"Mind if I make a few suggestions?"

We sure as hell didn’t. Lorne had been in the business for two small forevers. (Click here for details.)

Lorne removed the script from the stool’s surface, handed it to me, then laid his own well-thumbed and dog-eared copy on the same surface. He thumbed through it, jabbing a finger here and there.

"There are words residing on these pages," he said in that deep and mellifluous voice, "that no decent actor - an actor with any sort of training - would wish to speak."

It was Chris' turn to say, "Yessir." He liked Mr. Greene a lot.

I said, "But we’re not here to cut lines, Mr. Greene. And we aren’t authorized to rewrite them. We’re supposed to just cut the setups."

The fact was that by this point every spoken line in the script had been vetted by the Powers That Be, including Glen Larson, who no doubt had decreed that anyone who touched a single precious line would be dirt.

MCA/Universal Contract Writers
Not wishing to be dirt - only wanting to return to our freelance TV and novel writing careers - Chris and I were loathe to piss off Larson. Theoretically, our contracts were almost up. (Unless Peter Thompson picked them up for seven fucking years.) And the show surely would be canceled. To defy the Black Tower now would be like escaping from the chain gang the week before your legal release. After all, MCA-Universal had nearly a century of dealing with greater malcontents than the two of us.

But we were young and dumb and it wasn’t until a few years after we made our escape that I appreciated just how graciously Mr. Greene had come to our rescue.

"Look here, boys," he said, pressing the open script on the stool. At the same time, he withdrew a pen from his pocket. He struck the pen across the page, flipped that page, struck across another, then wrote some things in, saying all the while: "Chuck this. Chuck that. Write a short description of transition here and another there… to be delivered by yours truly, of course - and we’ll be back on the time track."

He straightened… to quite a respectful height, looming even over Chris who was 6’2”, to say, "And the nice thing is, boys, that it not only saves the setups, but eliminates some of that awful dialogue I was required to commit to memory. And have even less than no desire to speak."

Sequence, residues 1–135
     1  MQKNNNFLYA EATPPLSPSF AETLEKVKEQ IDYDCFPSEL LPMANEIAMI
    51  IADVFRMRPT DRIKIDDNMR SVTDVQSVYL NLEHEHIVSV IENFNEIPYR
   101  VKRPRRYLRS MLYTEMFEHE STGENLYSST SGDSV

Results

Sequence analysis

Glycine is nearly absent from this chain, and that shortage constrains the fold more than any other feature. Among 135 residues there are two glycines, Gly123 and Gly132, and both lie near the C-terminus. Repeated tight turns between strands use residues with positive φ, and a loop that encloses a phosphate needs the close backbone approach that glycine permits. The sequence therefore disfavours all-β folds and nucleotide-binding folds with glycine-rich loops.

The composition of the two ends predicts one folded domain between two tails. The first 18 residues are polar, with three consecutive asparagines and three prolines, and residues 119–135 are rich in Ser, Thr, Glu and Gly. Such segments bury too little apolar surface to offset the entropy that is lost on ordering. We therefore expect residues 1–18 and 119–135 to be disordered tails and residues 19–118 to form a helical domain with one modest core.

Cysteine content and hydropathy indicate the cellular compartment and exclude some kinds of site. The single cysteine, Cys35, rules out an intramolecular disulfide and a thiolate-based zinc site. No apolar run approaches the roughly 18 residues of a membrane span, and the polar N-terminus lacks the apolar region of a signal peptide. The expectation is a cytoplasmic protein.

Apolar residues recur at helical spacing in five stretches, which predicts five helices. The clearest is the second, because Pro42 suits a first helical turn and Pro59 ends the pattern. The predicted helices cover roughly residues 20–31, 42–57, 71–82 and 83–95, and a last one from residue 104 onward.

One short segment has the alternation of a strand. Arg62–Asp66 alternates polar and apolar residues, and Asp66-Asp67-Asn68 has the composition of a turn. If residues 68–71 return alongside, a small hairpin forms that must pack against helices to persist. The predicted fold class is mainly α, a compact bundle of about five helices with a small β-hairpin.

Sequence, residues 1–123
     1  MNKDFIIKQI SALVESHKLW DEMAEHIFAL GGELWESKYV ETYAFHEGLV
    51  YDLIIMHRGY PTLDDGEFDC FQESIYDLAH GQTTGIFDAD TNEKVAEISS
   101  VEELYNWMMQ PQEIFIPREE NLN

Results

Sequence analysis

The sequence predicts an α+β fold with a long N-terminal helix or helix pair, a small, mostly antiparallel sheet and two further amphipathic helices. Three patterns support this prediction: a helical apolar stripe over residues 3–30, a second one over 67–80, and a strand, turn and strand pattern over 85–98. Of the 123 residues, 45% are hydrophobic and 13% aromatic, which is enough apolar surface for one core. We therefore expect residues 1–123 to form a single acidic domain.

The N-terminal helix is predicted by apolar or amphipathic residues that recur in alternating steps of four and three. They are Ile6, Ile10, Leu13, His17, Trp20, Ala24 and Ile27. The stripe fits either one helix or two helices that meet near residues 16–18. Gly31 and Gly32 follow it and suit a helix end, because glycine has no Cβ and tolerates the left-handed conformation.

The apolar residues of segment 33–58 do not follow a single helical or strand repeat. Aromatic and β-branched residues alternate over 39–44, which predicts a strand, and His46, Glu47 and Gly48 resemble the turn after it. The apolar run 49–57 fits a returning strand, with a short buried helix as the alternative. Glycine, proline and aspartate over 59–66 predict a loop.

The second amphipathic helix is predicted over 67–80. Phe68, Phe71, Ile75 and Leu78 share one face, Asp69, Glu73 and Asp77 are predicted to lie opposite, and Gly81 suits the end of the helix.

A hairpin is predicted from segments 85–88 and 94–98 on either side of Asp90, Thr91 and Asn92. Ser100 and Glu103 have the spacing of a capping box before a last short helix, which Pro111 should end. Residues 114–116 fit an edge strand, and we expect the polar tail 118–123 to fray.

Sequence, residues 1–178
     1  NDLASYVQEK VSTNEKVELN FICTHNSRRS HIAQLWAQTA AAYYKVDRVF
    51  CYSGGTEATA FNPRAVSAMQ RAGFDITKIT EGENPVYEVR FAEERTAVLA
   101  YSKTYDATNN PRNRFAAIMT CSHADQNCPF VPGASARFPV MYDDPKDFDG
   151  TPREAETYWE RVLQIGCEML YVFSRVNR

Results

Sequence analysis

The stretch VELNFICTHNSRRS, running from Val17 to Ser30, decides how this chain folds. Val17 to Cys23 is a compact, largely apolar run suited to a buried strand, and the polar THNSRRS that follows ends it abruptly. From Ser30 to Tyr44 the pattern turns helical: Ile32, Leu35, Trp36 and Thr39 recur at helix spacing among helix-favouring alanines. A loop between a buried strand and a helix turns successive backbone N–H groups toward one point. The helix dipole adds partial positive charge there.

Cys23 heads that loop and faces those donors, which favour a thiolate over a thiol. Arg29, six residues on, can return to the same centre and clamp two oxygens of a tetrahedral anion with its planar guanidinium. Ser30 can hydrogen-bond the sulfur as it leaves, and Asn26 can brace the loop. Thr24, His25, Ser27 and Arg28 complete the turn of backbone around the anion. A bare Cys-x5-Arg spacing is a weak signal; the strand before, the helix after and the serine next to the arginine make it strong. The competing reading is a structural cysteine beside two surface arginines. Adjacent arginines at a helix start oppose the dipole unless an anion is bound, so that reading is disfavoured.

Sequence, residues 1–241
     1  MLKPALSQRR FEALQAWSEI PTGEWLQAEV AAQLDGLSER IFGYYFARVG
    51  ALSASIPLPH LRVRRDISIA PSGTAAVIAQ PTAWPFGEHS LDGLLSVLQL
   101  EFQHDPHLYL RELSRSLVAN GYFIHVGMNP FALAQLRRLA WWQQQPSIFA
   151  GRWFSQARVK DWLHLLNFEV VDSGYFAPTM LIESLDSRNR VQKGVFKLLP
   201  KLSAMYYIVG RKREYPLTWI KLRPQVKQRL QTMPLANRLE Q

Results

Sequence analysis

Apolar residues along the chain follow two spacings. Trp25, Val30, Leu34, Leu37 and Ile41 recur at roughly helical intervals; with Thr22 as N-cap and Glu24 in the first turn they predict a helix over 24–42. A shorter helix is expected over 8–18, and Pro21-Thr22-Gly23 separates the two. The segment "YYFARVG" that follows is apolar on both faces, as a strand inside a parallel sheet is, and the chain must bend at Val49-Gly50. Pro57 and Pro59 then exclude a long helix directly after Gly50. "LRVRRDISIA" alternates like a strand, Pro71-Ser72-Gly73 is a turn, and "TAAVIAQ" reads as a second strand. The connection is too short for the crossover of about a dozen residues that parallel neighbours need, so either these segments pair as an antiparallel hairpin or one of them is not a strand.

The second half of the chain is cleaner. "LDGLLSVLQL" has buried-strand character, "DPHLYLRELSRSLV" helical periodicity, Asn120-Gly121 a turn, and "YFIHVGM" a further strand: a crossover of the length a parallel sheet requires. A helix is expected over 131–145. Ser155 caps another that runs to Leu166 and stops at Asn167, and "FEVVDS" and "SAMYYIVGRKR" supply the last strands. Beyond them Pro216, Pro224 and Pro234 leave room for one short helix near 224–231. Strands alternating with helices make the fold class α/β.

He turned, then paused to add, "And if anyone - including Glen - complains, send them to me."

Lorne walked away and it was if he was followed by his own Theme Music and I swore later I could hear the ghostly strains of "Ringo."

Then the spotlight winked off and he vanished into the gloom.

"God damn!" Chris said in awed tones.




The MisAdventures began humbly enough - with about 2,000 readers. When it rose to over 50,000 (we're now knocking at the door of 110,000) I started listening to those of you who urged me to collect the stories into a book. Starting at the beginning, I went back and rewrote the essays, adding new detail and events as they came to mind. This book is the result of that effort. However, I'm mindful of the fact, Gentle Reader, that you also enjoy having these little offerings posted every Friday to put a smile on your face for the weekend. So I'll continue running them until it reaches the final Fade Out. Meanwhile, it would please the heart of this ink-stained wretch - as well as tickle whatever that hard black thing is in my banker's chest - if you bought the book. It will make a great gift, don't you think? And if you'd like a personally autographed copy you can get it directly through my (ahem) Merchant's Link at Click here. Buy the book and I will sign it and ship it to you. Break a leg!


Two new companion editions to the international best-selling Sten series. In the first, learn the Emperor's most closely held  cooking secrets. In the other, Sten unleashes his shaggy-dog joke cracking sidekick, Alex Kilgour. Both available as trade paperbacks or in all major e-book flavors. Click here to tickle your funny bone or sizzle your palate.    


Relive the fabulous four-day Stregg-laced celebration.  Alex Kilgour's Worst Joke Ever. New recipes from the Eternal Emperor's kitchen. Alex Kilgour's Worst Joke Ever. Sten's thrill-packed exploits at the Emp's castle. How to make your own Stregg. And, did I mention, Alex Kilgour's Worst Joke Ever?


  1. Just finished reading all of the "Misadventures." Cant wait for more.
    Did Chris ever layout another Star Risk Novel? I liked them (almost) as much as Sten. I like most of your other work (Sorry, not all), and love "A Cop's Life" (I lived and worked in Phila for years) and Lucky in Cyprus (only spent a week there). As an Air Force brat and an ex CIA type, I appreciate your outlook on all things worth writing about.

  2. Thanks for all your kind words. Nice to know we share similar backgrounds. I'm in the midst of a sequel to Lucky In Cyprus, about my experiences later on in Asia. Chris was writing another Star Risk book when he died. It was finished by an old friend - Steve Perry. Here's the link if you are interested:

  3. Thanks. Did a quick B&N Nook D/L.